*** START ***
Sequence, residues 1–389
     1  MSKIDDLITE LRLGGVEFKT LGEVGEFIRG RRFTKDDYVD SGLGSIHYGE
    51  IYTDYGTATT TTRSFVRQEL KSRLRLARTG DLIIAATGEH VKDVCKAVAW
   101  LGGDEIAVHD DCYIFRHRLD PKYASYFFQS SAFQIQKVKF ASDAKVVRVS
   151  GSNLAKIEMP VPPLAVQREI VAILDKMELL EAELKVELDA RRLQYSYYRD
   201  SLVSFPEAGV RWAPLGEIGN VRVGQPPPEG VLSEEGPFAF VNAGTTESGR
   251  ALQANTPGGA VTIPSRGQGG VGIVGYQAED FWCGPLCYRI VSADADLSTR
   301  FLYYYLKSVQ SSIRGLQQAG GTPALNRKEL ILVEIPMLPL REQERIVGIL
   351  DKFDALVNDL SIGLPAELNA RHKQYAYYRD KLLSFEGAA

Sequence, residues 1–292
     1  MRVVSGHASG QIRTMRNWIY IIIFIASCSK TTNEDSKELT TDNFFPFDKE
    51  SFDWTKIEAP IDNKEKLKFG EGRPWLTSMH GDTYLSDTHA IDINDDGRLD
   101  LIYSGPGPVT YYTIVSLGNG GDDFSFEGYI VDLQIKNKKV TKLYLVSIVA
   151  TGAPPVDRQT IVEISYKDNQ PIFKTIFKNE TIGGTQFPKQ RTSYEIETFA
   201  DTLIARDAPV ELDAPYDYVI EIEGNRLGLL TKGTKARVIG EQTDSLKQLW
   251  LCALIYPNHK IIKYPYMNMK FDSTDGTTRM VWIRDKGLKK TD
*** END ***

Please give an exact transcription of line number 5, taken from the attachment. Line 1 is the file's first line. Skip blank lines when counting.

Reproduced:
   151  GSNLAKIEMP VPPLAVQREI VAILDKMELL EAELKVELDA RRLQYSYYRD